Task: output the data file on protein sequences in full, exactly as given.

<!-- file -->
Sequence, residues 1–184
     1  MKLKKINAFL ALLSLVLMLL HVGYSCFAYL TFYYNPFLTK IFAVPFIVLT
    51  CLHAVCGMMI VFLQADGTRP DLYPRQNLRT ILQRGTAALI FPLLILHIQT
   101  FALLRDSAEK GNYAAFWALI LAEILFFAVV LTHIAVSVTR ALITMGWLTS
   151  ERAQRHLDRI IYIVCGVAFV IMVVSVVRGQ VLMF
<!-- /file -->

Sequence, residues 1–184
     1  MKLKKINAFL ALLSLVLMLL HVGYSCFAYL TFYYNPFLTK IFAVPFIVLT
    51  CLHAVCGMMI VFLQADGTRP DLYPRQNLRT ILQRGTAALI FPLLILHIQT
   101  FALLRDSAEK GNYAAFWALI LAEILFFAVV LTHIAVSVTR ALITMGWLTS
   151  ERAQRHLDRI IYIVCGVAFV IMVVSVVRGQ VLMF